Saturday, January 5, 2008

Lambdas & Closures in C# 3.0

Here's some code the exhibits the creation of a closure in C#.  This was possible with the advent of anonymous delegates in C# 2.0, but it looks a lot cleaner in C# 3.0.

using System;
using System.Linq;
using System.Collections.Generic;

public class Program
{
public static void Main(string[] args)
{
ClosuresWithLambdas a = new ClosuresWithLambdas();

List<Func<int>> fs = a.GetNumberFunctions();

Func<int> increments_i_func = fs[0];
Func<int> just_returns_i_func = fs[1];

//prints 1
a.PrintReturnValue(increments_i_func);
//prints 2
a.PrintReturnValue(just_returns_i_func);
}

public class ClosuresWithLambdas
{
public List<Func<int>> GetNumberFunctions()
{
//this variable gets included in the closure
int j = 1;

//we use this to return two functions
List<Func<int>> fs = new List<Func<int>>(2);

//don't get confused by the postfix operator
//the f lambda returns j BEFORE incrementing it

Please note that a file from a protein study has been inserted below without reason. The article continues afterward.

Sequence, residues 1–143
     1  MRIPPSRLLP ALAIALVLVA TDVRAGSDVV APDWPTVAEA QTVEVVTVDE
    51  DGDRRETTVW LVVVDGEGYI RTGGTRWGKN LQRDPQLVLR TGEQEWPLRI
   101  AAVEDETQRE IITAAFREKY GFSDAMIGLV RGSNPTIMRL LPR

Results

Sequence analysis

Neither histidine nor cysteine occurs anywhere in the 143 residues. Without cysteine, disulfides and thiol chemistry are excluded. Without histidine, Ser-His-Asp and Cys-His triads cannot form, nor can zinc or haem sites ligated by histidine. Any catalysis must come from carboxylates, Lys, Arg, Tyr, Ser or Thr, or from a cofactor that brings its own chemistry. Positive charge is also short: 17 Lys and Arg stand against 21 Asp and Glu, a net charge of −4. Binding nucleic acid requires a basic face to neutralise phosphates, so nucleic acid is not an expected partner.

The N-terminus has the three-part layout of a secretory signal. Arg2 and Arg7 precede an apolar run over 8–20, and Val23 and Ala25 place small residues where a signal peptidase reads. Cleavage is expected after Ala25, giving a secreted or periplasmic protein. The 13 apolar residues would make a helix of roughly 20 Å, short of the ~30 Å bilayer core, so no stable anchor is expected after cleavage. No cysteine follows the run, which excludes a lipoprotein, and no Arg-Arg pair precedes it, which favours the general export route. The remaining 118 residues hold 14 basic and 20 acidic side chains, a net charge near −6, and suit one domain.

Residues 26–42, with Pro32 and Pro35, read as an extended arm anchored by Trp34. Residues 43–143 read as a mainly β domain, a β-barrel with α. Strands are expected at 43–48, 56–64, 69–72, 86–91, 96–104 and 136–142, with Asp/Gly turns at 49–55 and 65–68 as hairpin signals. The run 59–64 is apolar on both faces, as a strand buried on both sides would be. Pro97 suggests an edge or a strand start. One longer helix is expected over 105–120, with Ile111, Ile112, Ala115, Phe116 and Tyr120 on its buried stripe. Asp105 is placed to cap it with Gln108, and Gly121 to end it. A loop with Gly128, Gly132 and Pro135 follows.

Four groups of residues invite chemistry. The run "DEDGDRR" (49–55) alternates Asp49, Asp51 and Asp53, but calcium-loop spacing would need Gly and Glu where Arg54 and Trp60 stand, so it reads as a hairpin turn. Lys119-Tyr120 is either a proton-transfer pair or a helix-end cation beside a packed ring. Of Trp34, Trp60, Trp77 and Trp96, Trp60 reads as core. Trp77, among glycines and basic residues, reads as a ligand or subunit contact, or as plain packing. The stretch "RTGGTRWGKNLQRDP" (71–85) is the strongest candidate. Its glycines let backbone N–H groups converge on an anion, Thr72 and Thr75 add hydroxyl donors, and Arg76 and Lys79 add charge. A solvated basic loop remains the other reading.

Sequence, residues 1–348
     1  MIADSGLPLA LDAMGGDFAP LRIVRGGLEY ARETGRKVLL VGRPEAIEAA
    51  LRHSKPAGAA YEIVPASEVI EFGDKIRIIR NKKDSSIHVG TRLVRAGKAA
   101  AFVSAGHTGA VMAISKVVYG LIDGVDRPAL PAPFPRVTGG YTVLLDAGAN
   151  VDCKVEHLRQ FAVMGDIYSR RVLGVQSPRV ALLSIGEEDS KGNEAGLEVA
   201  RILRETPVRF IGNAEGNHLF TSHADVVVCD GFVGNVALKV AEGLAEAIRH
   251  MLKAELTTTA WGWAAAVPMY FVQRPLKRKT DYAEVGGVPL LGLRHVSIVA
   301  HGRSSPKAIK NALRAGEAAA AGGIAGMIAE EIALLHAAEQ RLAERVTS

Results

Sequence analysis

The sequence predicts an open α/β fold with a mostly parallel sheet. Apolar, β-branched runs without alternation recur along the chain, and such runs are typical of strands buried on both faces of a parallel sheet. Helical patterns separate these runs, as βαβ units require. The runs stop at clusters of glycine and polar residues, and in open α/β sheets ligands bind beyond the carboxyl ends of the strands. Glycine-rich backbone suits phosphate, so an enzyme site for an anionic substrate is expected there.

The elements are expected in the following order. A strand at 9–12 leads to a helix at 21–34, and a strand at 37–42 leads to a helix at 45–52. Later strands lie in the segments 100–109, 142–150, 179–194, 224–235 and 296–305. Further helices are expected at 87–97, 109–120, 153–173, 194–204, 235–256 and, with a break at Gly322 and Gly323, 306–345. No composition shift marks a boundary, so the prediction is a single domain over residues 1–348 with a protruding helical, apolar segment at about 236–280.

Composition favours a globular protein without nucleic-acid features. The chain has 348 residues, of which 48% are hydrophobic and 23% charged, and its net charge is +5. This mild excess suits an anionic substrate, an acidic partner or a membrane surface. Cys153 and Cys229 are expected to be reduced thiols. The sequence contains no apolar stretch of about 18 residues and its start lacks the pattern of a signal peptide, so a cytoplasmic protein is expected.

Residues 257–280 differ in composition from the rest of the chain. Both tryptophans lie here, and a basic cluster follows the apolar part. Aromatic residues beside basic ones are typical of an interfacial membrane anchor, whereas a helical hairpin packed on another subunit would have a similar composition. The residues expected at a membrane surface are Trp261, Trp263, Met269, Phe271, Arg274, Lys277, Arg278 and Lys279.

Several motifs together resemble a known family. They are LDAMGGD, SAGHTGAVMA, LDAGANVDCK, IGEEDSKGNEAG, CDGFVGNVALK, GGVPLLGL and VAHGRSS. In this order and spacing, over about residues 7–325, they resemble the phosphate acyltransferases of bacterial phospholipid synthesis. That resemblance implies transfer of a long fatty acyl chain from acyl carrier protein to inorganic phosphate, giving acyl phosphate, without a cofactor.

Func<int> f = () => j++;

//g just returns the variable j
Func<int> g = () => j;

//add the two functions to the list and return it
fs.Add(f);
fs.Add(g);
return fs;
}

public void PrintReturnValue(Func<int> f)
{
Console.WriteLine(f());
}
}
}


This closure of which I speak is not immediately evident to the untrained eye.  The basic concept in this example is that the variable "j" has to survive past the end of its normal scope, i.e. the execution of GetNumberFunctions.  It has to survive because the two functions passed out of GetNumberFunctions--the lambdas "f" and "g"--refer to "j" outside of the function in which they were defined.  The compiler detects this (perfectly legal) reference as a lexical closure; it generates a class to contain these functions and the variable "j".  Here is that generated helper class viewed from Lutz Roeder's Reflector.



[CompilerGenerated]
private sealed class <>c__DisplayClass2
{
// Fields
public int j;

// Methods
public int <GetNumberFunctions>b__0()
{
return this.j++;
}

public int <GetNumberFunctions>b__1()
{
return this.j;
}
}


As you can probably gather b__0 is "f" and b__1 is "g" (or, "increments_i_func" and "just_returns_i_func" respectively).  They share "j" in the scope of an instance of this compiler generated sealed class instance.  There are other ways for language and compiler to implement closures, but this generated inner class works just fine.  For a practical example of using closures, please see my previous article on doing asynchronous network I/O with closures.

No comments: